on Carlton/Pickwick, these readings
of two of the most popular Shostakovich
symphonies are unlikely to ruffle any
feathers. Skrowaczewski is a most musical
conductor, and of that there has never
been any doubt, but his level of interpretative
depth is what must be called into question
in the present instance.
It is rare indeed that
one reviews a product and makes the
statement that the booklet notes are
the most valuable part of the enterprise,
but that is the case here. The Hallé
has secured the services of two notable
authorities in this repertoire – Gerard
McBurney for No. 5 and David Fanning
for No. 10, both of whom attempt to
decode Shostakovich's cryptographic
scores. It makes for fascinating reading.
The Fifth enters a
hugely competitive field, and Skrowaczewski's
take on this work comes nowhere near
the top. There are many beautiful moments;
the Hallé is a wonderful orchestra.
Horn attack in their first major entry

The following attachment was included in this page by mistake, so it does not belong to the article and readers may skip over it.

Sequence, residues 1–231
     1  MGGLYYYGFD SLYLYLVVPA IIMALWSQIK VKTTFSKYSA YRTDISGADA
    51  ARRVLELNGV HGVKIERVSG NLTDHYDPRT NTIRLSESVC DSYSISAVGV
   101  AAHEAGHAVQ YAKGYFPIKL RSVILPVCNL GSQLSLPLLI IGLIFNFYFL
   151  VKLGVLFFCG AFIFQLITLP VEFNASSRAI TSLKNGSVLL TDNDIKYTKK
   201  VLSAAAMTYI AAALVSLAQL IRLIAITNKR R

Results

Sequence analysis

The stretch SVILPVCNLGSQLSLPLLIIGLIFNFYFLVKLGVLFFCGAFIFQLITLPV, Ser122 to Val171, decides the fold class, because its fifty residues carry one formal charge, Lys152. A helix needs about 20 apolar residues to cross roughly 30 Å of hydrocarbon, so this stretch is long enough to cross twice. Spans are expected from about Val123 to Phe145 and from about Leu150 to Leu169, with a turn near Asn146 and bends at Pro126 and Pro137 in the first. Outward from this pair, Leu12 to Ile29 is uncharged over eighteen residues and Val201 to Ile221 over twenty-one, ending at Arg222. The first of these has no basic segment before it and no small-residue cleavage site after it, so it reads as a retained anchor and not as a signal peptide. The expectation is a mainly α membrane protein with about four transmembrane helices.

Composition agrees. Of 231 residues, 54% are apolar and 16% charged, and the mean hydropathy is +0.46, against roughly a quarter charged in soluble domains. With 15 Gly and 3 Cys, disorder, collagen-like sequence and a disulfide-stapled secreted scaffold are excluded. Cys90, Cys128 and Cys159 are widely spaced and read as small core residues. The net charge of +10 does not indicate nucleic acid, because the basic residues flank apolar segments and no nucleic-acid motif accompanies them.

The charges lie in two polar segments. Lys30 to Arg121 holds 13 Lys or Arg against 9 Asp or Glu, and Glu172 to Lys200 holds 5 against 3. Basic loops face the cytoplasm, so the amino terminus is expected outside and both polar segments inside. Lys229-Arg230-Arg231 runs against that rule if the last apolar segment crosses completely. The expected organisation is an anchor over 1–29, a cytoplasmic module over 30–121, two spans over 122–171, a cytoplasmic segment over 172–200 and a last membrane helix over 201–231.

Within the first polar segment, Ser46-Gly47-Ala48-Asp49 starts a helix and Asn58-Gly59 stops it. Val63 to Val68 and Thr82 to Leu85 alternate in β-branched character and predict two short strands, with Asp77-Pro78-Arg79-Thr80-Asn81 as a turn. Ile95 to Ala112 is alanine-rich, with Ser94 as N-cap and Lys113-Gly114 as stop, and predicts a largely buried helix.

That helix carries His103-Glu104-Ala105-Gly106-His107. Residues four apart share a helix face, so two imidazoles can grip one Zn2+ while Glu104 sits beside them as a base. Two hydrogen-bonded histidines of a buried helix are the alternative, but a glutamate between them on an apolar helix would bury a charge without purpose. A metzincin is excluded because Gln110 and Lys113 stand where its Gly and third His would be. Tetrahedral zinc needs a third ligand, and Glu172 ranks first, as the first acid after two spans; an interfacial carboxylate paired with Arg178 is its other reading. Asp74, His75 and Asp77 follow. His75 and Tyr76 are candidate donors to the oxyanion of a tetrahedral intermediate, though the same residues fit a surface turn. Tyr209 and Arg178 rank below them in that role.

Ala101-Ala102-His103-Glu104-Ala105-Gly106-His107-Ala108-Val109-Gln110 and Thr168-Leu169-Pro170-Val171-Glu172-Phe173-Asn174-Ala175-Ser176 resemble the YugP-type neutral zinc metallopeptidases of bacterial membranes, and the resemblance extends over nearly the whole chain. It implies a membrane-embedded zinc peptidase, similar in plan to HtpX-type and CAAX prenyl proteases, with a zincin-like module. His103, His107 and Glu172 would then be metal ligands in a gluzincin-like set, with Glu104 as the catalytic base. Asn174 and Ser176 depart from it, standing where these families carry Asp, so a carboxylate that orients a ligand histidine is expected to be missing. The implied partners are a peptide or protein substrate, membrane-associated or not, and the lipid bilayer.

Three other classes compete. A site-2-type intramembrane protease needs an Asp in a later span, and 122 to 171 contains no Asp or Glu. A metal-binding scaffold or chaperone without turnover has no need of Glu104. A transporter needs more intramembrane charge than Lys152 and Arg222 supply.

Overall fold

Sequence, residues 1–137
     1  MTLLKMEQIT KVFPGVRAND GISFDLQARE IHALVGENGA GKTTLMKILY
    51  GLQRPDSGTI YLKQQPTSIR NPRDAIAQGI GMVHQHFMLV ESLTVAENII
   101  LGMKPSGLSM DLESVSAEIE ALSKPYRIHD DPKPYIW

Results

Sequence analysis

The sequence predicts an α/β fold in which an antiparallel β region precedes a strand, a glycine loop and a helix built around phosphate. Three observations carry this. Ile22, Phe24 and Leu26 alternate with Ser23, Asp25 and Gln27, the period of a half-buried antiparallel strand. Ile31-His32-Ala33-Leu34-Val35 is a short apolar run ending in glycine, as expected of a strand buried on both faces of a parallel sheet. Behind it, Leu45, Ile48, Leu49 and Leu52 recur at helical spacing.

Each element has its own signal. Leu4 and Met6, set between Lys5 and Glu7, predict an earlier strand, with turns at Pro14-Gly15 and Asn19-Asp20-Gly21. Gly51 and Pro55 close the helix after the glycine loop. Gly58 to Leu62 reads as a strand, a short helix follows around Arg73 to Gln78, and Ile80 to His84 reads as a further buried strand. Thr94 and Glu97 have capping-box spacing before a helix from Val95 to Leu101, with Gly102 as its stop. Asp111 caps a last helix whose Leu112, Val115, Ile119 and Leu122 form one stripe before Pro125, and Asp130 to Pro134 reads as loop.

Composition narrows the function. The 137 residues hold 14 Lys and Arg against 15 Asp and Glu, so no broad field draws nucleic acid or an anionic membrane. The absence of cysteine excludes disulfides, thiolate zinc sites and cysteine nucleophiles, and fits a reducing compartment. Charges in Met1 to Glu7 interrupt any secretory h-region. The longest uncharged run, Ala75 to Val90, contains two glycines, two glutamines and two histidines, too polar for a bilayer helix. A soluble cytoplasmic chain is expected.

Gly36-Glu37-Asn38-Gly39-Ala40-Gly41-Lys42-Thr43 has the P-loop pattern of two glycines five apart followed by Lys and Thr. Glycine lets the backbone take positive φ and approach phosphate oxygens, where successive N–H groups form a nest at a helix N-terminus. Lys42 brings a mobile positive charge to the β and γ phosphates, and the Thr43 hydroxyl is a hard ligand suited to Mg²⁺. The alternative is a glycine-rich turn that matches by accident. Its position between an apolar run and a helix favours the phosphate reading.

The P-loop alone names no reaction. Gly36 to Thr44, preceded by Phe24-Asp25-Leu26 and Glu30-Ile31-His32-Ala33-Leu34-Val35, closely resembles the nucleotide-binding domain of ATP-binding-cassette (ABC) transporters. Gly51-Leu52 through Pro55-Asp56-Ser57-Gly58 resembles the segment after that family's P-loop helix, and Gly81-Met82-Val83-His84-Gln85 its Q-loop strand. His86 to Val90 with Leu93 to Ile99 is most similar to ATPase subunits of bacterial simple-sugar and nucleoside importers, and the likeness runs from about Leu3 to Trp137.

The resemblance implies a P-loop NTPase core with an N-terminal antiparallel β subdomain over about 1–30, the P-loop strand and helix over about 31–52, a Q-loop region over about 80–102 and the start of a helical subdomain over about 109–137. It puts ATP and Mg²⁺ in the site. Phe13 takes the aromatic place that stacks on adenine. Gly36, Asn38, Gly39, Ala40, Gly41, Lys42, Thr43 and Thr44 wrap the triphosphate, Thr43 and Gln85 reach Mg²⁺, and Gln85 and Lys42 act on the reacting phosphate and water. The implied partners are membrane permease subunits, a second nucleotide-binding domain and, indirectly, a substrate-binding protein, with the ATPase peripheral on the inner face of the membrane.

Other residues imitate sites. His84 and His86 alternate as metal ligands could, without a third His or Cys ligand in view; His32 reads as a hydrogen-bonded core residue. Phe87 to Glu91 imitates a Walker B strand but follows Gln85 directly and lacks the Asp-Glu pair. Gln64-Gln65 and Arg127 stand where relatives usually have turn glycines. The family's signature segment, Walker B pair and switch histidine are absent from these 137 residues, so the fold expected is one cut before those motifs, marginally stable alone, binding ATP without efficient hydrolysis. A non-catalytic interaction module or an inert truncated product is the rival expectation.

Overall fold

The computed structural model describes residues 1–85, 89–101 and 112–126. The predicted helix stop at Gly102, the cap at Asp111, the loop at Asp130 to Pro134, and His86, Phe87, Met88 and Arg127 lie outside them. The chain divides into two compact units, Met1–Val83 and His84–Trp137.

in the first movement is spot-on and
the flute/horn duet is truly lovely
- as is the flute/harp duet in the Largo.
Yet the whole thing is rather low-voltage.
The notoriously tricky low horn unison
forte passage in the first movement
- around eight minutes in - falls flat
on its face because of this. The lumbering
second movement has its dissonances
cruelly glossed over. A pity there is
some scrappy string playing up high
in the finale, but the failure of this
performance to gel and, indeed, take
off, is due to Skrowaczewski alone.
Ultimately this is not competitive.
The Tenth essentially
continues the trends shown by the Fifth.
To work the first movement requires
a good deal more intensity than Skrowaczewski
can throw at it. The unfortunate result
is that the trills around the 10'50
mark are simply not frightening at all.
Of all the movements of both symphonies,
it is the second movement (Allegro)
that is the most successful, the woodwind
at last frenetic, almost desperate.
The slow movement begins well - nicely
hesitant - but the element of mockery
around 7'50 is only slight, somehow
diluted. The finale, despite a very
beautiful oboe and some nicely scampering
strings never even hints at a performance
remotely above the mundane.
The strength of this
set lies with its booklet notes. The
power of the music is undersold dramatically,
making recommendation impossible.